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Tuesday, July 07, 2009

Team Building in the Philippines: You Can't Have Teamwork If You Can't Manage the Change

In my opinion, the reason why many efforts to build teamwork go to waste is because managers fail to manage the change. I often get inquiry about team building and when I inquire back about how far they want to go with it, I get silence.

Many managers are convinced that they need to improve teamwork but are unwilling to do the necessary work to have it. They think (or wish) that a one or two-day off site will create some magic that will suddenly turn the backbiting off. That it will suddenly make people more committed to the goals and do their fair share in improving organizational performance. Sadly, this rarely happens or if it does, the improvement is short lived.

No wonder some people are skeptical about it and have lost hope that a team building intervention will help a team work better. I know at least one person who declare that team building is for suckers. I can't blame all those who think the kind of solutions that proliferate out there are not real solutions. I'm of the opinion that a lot of the things people learn from a decent team building workshop are valid. The problem lies in how the whole thing is set up and how follow-through is given.

Building Teamwork is pretty much about managing change. Let's listen to what Change Management Guru John Kotter has to say:He said first "Create urgency". This to me means make a case for the change. Do you need it? Or do you need an excuse to go on a company outing? Be sure that you need it and are willing to go towards great lengths to achieve it.

Kotter then said, "Form a powerful coalition". This means that the journey from no-teamwork to with-great-teamwork is bought into by the leadership of the organization and are committed to championing the change. Since we are talking about building teamwork here, they should also be committed to modeling the way by showing teamwork among themselves.

The third step is "create a vision for change". This is important. We don't have a common understanding of what it is like to have teamwork. For some it's unbridled collaboration and empowerment, for others it's allowing the boss to herd the rest of the team like cows. So what do you really want to see into the future when the team succeeds and becomes a high performing team? This has to be expressed in vivid terms.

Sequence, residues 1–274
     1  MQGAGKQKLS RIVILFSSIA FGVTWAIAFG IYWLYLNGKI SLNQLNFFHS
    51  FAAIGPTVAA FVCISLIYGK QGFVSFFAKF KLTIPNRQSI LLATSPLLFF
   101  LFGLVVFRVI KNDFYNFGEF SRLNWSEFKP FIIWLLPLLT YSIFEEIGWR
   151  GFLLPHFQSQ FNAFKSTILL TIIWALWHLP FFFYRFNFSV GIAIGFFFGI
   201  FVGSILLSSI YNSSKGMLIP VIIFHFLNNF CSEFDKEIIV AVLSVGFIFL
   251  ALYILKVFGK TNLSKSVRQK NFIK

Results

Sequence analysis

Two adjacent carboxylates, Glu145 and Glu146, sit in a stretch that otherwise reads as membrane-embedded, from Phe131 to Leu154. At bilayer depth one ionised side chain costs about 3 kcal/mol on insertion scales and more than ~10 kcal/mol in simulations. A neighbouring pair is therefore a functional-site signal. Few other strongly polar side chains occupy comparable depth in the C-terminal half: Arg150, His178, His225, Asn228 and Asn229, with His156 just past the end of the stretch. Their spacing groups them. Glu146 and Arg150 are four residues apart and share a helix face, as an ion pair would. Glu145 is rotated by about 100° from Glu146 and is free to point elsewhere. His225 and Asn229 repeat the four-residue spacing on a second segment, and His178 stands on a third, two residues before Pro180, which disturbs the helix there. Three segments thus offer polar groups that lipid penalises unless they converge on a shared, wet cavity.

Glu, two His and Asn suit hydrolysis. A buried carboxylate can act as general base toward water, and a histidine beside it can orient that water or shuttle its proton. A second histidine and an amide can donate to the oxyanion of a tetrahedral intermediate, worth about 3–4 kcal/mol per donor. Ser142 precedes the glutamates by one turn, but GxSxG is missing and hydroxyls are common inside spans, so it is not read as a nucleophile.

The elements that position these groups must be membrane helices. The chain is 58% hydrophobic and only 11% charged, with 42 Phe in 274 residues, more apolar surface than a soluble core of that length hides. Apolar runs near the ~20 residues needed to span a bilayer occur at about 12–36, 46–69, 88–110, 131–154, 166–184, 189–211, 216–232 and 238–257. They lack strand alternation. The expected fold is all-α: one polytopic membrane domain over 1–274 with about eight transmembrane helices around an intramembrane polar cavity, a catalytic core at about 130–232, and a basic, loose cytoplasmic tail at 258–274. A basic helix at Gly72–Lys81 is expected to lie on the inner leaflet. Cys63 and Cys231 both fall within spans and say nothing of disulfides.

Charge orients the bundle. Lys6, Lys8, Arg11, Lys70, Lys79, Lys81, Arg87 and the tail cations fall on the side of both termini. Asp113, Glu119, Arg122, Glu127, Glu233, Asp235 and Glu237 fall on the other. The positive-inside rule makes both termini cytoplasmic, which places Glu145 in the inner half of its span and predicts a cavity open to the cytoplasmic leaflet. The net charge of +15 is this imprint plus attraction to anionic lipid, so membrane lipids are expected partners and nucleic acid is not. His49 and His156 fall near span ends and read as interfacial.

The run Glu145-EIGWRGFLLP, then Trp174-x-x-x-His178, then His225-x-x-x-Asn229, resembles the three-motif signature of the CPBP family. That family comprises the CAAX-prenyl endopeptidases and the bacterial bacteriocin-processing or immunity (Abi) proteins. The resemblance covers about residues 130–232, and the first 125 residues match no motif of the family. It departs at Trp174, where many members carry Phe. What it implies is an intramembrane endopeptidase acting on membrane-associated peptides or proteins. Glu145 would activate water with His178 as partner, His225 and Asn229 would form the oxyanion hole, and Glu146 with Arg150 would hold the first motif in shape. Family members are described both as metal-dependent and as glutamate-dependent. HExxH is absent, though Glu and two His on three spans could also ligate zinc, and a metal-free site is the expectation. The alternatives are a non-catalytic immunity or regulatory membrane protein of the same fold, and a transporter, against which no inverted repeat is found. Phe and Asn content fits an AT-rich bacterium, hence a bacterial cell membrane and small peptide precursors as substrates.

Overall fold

Next, "communicate the vision. This can be part of the preparation for an off site activity or can be done in the early part of the event. I prefer the former. I think everybody should be clear about why they are camping out. I tell you I've had more than enough of participants mistaking the offsite activity for company outing and the team building activities mere parlor games! I hate it, I hate it, I hate it! ( Sorry, got carried away there)

The fifth action is to "remove obstacles". This is why people go out for a two-day off site team building. This is so they can identify what get's in the way of teamwork and decide how to overcome them. Patrick Lencioni identified five dysfunctions that get in the way of teamwork and prescribed some ways to overcome them. I use his prescription in my workshops.

You can't go home from a team building event without doing Kotter's 6th step and that is "create short-term wins". You need to identify the things you can do right after the workshop that will pave the way for building a stronger, more cohesive team. These quick-win activities should be clear, specific, actionable and observable.

This will be the subject of step seven, "Build on the Change" Which is following through on the norms set in the workshop and see to it that they all happen. Managers should not let up until all the agreed changes in behavior become habits and that quick wins are pursued and achieved.

The last stage is "anchor the change in the corporate culture". Let it grow roots. Build your policies around strengthening and rewarding teamwork and discouraging, even prohibiting the absence of it.

See? You build your team building effort around John Kotter's 8-step model and I tell you, there's hardly any reason for it to fail.

Here's one more thing. I'll be more than happy to help you use this model to facilitate an organizational culture change for your company if you let me. Forget the one-day or half-day sessions that lead practically to nowhere.

If you want teamwork, manage the change.

Related download: ExeQserve Team Culture Building Program

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